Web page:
Carlos Sainz is very much in the camp of wanting the FIA to take action in the rulebook to help alleviate porpoising.
Porpoising, or bouncing, has again become the hot topic of Formula 1 following an Azerbaijan Grand Prix in which several drivers complained they were being shaken and rattled in the cockpit.
Lewis Hamilton suffered from back pain throughout the Baku weekend while Daniel Ricciardo, who had been among the least affected drivers previously, likened his experience to that of a basketball being bounced low to the ground.
Sainz did not have to endure the feeling for 51 laps like most of his rivals because he retired on lap nine of the race due to a hydraulic issue. But that does not mean the Spaniard is any more immune to what is happening with the ground-effect cars brought in this year.
The Ferrari driver wants the views of he and his fellow racers to be heard by the FIA, having previously spoken of potential long-term health complications stemming from what their bodies are being put through.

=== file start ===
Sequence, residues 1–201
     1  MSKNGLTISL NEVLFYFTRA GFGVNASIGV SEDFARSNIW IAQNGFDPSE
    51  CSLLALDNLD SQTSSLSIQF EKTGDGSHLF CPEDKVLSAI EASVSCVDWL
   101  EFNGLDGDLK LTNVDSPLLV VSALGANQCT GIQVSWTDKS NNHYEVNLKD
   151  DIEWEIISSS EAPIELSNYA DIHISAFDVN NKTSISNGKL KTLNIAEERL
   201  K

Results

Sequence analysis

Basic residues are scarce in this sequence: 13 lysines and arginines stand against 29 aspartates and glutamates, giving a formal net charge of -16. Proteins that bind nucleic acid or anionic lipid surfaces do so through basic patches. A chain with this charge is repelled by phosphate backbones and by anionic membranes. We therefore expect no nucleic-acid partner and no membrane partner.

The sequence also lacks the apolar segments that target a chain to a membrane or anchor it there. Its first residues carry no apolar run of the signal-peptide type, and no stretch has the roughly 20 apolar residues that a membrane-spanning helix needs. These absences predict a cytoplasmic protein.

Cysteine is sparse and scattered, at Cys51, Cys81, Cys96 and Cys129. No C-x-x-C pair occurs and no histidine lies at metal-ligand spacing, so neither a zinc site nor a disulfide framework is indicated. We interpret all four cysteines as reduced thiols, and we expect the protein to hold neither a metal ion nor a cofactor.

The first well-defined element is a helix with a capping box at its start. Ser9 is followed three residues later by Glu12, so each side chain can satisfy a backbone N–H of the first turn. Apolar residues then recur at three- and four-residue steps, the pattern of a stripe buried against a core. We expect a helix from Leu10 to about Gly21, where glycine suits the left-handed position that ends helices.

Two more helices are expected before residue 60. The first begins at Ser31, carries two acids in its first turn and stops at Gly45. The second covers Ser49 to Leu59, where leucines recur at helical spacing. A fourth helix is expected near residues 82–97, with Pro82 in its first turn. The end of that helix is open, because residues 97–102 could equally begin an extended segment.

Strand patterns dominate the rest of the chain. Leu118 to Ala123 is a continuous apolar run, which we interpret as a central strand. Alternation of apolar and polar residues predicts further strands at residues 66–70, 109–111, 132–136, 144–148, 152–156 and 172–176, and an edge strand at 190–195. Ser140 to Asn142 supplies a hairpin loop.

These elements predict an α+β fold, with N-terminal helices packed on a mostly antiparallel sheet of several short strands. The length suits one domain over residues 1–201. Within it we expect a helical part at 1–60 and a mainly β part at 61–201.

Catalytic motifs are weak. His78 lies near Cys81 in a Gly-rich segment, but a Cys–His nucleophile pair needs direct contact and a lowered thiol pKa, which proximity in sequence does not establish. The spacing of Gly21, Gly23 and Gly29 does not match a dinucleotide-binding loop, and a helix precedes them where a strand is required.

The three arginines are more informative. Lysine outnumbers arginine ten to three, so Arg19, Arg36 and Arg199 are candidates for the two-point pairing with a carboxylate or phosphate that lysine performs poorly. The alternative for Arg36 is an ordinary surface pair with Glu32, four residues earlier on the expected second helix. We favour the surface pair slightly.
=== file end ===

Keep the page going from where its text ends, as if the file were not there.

“We kindly asked the FIA to look into it, not listen to the teams so much and to listen to us,” said Sainz, quoted by The Race.
“We are saying it’s getting to a point where we are struggling to handle this.
“I don’t think we need a medical commission, we just need something smarter on the suspension or the way the cars are being run, where the FIA controls a bit better the possibility of the teams running that stiff, that hard, that kind of ride you see on the straights.
“I’m pretty sure if you ask two or three engineers down the paddock, they will know the answer and what can be done to limit this and regulate it.
“But we need the FIA to act as soon as possible – if not, it will start accumulating.”
Teams do have the option of raising the ride height of their cars to increase driver comfort, but that would be at the expense of performance.
Alpine’s Esteban Ocon, meanwhile, is taking a longer-term view.
“I’m hearing there might be conversations on how to go technically for the future with the FIA,” said the Frenchman. “And they are taking that into consideration.
“But that will not be in the next two years. That’s at least clear. This is in the long-term future we should look at it.
“The FIA are the police, so they have to take the decision on where they go.”